I asked the same question on the Asylum and got a great response.http://www.audioasylum.com/audio/speakers/messages/96830.html
"First of all, there is far more variation from speaker to speaker than from amp to amp or from CD player to CD player. So don't worry overmuch about not being able to get a perfect apples-to-apples comparison.
Okay, the big idea is not to find the speaker that's the most initially impressive. The idea is to find the speaker that you can listen to hour after hour, and never grow tired of. Live music is like that, ya know.
There are no perfect speakers, and we each have varying degrees of tolerance (or intolerance) for different colorations and inadequacies. So in a sense you are picking your poison - you are picking the set of imperfections you can best live with. For example, I can live with limited bass extension or indistinct imaging, but I can't live with harsh midrange or boomy bass.
Choose a few songs or passages that you will use for your initial evaluation. Pick recordings with instruments whose live sound you are quite familiar with. Solo piano is good, as are male and female vocals, and maybe a drum kit to check out the dynamics and bottom end.
Do the instruments sound natural? Can you easily pick out and follow an individual voice or instrument? Are you aware of the sound coming out of a box (either tonally or spatially)? Any harshness on the female vocals? How about chestiness in the male vocals? On the piano - can you hear the richness of the overtones? Do the lower registers have weight and natural resonance? Can you tell that the piano is a percussion instrument? On the drums, how is the impact? Do the drums sound solid and precise, or thick and sluggish? Do the snares snap, the cymbals shimmer and crash?
How does the presentation affect you, emotionally? Does it get through your defenses, past your facade, and touch your heart? Do you feel yourself filled with and even joining in the energy of the music? It is natural to tap your toes, or do you have to make yourself do it? How about goosebumps? Give extra credit for genuine spontaneous goosebumps.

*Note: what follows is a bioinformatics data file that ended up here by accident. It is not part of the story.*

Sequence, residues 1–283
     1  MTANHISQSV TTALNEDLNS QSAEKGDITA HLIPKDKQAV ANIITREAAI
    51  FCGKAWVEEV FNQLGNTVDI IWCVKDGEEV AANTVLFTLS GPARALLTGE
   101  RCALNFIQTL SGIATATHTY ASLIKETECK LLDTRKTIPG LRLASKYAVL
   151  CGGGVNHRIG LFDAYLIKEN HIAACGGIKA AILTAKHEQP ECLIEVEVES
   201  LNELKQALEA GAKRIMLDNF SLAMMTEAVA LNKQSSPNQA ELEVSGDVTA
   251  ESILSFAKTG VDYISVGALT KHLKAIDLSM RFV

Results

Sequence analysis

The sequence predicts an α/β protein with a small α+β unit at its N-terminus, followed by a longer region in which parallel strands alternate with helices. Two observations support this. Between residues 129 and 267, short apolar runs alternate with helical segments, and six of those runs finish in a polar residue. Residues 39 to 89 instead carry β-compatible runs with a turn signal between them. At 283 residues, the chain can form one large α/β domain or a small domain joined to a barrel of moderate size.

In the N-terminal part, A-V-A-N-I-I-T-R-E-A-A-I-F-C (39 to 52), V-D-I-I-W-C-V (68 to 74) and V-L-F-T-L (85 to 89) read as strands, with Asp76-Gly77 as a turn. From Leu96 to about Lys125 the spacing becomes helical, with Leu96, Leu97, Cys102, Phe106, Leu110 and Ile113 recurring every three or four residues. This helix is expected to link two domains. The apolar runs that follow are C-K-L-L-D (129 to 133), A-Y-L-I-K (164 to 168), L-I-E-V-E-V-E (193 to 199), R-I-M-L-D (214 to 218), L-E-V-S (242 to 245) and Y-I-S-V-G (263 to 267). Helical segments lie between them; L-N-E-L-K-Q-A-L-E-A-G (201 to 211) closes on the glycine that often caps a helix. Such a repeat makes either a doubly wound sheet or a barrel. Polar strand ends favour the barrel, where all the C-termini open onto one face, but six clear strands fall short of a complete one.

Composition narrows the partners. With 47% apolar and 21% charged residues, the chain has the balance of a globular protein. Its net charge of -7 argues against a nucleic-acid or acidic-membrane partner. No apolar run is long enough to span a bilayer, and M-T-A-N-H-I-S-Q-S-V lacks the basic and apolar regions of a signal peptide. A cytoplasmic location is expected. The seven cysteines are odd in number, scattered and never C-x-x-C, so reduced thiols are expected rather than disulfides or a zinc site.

Okay, now put the same cut on again, and listen up very close to the speakers - like maybe 3 feet away. This will put you in the nearfield, and will pretty much eliminate the room's contribution. This helps you separate the sound of the speakers from the room.
Once you have a handle on how the speakers sound nearfield, turn the volume level way, way down. Does the music still seem lively, or did the liveliness die away? Listen especially to the midrange - at very low volumes, midrange peaks are easier to hear because they are not psychoacoustically "masked" by the bass. Are the speakers still enjoyable at very low volumes? If so, chances are the speaker will not be irritating long-term.
Now turn the volume level up a bit louder than normal, and walk into the next room, leaving the door open. What you're doing now is isolating the reverberant field. Note that a live piano or vocalist still sounds like the real thing from the next room, where all you can possibly hear is the reverberant sound. A loudspeaker that sounds convincing from the next room is generating a tonally correct reverberant field along with good dynamic contrast. This test is a very good predictor of long-term listening enjoyment.
Now go back into the room, turn the volume down to normal or a bit lower, and listen from off-axis. See if the off-axis soundstaging is still enjoyable. If you plan to listen alone this test isn't necessary, but if you plan to listen with others then it's worthwhile to have an idea of how wide the acceptable listening area is.
Try the speakers at the range of volume levels you expect to listen at. I've made the mistake of buying speakers that sounded great at volume levels louder than I normally listen, but then sounded dull and lifeless at my normal, lower levels.
Use the same cuts on every speaker you evaluate. Yes you'll get sick of them, so you may not want to use your most favorite songs. The consistency of program material is the apples-to-apples in your initial evaluations.
Once you've narrowed down your short list to 2 or 3 contenders, see if you can arrange a longer session, and/or in-home audition, using a much wider variety of your own music.
Finally, remember that you will have to make tradeoffs. This is where you have to be very honest with yourself. Speaker A will play louder and deeper, while Speaker B has better midrange. Only you can make the call. If in doubt, go with your heart. Go with the speaker that gave you goosebumps.
And, it is perfectly kosher to ask to listen of the finest speaker in the store, even though it's well out of your price range, just to give you a reference point. But this reference point is of course no substitute for your memory of live music.
Enjoy the journey! Enjoy the discovery! Every speaker you audition educates you, whether it tells you something to look for or something to avoid.
Best of luck to you on your quest!